One factor that drew many people to the first generation of space exploration was the power of the rocket, which was the basis for Von Braun’s conceptions. We all recognize now that chemical propulsion will not be adequate for missions beyond our solar system. While solar sailing has an esthetic attraction, it is a slow means of transport. We need another paradigm of power, perhaps based on fusion.
What events can we anticipate that might help or hinder the interstellar idea? The most obvious one would be the discovery of an Earthlike planet orbiting a nearby star. Another may seem at first glance like a negative: cutbacks in the budgets of space and research agencies for several years. Such cuts could lead to fewer or smaller missions, and longer gaps between them.
I suggest that we look at this another way. Mission planners and spacecraft engineers will have a powerful incentive to give their machines longer useful lifetimes. Instead of three years, why not twenty? The users of those spacecraft (such as principal investigators) also may have to adopt longer-term perspectives for their work. Those small steps into deeper time will be needed when we begin interstellar exploration.
Over to you.
PG: I’m always glad to talk to someone who understands how to make a virtue of necessity, or as they say, turn lemons into lemonade. I think this is a positive perspective on an unavoidable problem: If we’re constrained by budgets and economies to have fewer and smaller missions, then let’s see what we can learn about making the next generation of spacecraft that much more robust, so we get more out of them over a longer period. If the effect of this is indeed to give principal investigators a bit of perspective into a deeper time strategy — if we start thinking in terms not of 40-year mission maxima but fifty or sixty, so much the better.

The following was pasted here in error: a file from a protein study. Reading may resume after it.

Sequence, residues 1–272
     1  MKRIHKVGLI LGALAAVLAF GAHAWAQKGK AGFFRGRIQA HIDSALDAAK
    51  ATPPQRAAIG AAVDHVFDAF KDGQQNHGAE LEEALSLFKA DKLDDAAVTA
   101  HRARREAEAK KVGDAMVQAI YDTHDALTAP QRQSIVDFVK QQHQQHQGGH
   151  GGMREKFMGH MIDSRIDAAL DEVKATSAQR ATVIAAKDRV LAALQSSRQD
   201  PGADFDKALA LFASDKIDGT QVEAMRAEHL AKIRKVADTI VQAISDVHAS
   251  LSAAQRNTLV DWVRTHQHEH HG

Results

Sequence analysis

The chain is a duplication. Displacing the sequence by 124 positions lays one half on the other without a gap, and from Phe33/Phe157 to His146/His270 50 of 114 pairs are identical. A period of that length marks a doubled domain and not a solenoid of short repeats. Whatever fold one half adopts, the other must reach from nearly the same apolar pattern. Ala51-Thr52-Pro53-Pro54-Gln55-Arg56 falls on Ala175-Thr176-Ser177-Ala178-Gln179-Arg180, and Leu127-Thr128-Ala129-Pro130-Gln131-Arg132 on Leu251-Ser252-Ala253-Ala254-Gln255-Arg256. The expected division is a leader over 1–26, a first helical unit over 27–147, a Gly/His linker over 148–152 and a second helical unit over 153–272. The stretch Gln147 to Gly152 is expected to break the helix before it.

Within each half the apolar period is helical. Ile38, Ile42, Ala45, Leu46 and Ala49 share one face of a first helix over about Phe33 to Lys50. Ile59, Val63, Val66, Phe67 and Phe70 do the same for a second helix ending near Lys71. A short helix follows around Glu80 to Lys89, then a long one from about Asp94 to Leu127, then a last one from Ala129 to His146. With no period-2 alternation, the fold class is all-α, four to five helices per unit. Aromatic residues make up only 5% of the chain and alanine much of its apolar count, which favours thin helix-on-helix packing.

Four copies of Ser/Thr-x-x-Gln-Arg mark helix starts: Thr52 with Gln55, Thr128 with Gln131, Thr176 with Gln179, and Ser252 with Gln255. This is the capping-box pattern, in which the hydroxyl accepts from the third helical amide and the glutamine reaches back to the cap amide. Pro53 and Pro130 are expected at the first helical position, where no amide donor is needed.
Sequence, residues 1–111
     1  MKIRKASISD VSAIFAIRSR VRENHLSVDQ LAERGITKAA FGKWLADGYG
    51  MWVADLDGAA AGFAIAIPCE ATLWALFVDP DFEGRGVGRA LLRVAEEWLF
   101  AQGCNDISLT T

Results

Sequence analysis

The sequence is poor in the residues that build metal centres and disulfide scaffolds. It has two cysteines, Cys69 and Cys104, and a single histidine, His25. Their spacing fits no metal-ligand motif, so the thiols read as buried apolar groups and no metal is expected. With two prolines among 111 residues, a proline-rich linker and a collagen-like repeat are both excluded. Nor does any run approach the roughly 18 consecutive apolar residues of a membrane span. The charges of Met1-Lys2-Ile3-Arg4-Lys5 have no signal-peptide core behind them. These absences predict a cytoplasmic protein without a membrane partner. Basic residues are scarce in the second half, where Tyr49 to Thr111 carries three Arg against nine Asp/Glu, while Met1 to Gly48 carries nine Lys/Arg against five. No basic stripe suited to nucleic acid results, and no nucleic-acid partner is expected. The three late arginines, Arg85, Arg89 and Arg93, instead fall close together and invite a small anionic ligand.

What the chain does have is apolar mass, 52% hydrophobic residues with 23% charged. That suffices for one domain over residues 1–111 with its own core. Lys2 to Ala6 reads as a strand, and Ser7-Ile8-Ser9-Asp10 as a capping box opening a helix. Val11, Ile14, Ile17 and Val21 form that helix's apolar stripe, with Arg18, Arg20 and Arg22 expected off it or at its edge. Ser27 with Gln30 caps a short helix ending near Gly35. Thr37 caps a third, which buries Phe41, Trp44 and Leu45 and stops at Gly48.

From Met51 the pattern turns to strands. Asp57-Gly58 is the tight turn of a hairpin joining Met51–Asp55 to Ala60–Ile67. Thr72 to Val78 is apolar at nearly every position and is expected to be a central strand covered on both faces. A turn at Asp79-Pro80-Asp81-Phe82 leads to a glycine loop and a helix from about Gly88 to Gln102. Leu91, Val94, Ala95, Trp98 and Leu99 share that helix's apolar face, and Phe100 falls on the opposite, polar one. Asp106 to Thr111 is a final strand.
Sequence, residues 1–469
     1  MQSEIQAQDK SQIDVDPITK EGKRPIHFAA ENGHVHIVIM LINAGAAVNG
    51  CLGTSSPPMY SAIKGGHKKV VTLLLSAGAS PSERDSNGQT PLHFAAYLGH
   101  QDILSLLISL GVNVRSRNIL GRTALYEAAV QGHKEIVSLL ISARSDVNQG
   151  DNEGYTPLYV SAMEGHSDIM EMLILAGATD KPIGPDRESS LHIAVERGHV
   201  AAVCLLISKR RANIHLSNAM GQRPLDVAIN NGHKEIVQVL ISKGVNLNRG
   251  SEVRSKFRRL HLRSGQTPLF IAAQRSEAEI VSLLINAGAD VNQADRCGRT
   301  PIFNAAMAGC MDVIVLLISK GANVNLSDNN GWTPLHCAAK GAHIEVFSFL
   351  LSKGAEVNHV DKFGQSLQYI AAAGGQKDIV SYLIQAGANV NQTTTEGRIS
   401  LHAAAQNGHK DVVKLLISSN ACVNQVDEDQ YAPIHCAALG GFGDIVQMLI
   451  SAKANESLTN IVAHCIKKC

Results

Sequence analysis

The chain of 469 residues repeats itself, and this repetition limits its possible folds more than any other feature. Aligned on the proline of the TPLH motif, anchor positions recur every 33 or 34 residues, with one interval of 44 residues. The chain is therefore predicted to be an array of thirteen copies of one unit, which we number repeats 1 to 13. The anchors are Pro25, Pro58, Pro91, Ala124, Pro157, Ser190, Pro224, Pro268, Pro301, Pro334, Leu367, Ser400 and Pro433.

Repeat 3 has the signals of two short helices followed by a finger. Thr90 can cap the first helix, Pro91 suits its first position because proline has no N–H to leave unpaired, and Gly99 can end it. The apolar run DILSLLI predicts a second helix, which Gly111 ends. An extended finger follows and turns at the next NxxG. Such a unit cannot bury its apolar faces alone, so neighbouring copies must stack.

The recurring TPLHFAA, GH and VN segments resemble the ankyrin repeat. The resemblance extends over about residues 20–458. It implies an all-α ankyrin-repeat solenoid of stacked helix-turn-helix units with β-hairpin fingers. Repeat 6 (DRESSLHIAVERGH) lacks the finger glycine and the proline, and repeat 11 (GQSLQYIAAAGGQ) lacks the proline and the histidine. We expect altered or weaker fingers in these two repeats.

In your paper at the 100 Year Starship Symposium, you also note that serendipitous events can come along at any time and have substantial effect. Few would have assumed as World War II ground down that it would be followed by decades of Cold War, but geopolitics played a huge hand in getting the superpowers to turn their attention to space, considering it in terms of national prestige. And the exoplanets we’re finding by the day are having an effect in awakening the general public to the idea of interstellar travel. In fact, whenever I’m asked about this or that exoplanet, the invariable next question is, when would we be able to go there?
We don’t know what might happen next, but we have the example of the two Voyagers to help us see that long-term continuity in space exploration is already underway. Voyager tells us that we can build craft that last a long time, and that the idea of a decades or century-long mission to another star isn’t out of the question in terms of equipment reliability. I suspect the failure of SETI to find an extraterrestrial civilization in tandem with the discovery of a habitable world within 20 light years of the Sun — if such a world indeed exists (and Claudio Maccone’s statistical analyses on the matter say that it’s barely possible) — would be a powerful boost in building an interstellar consensus among the public. The kind of consensus that could one day lead to a mission.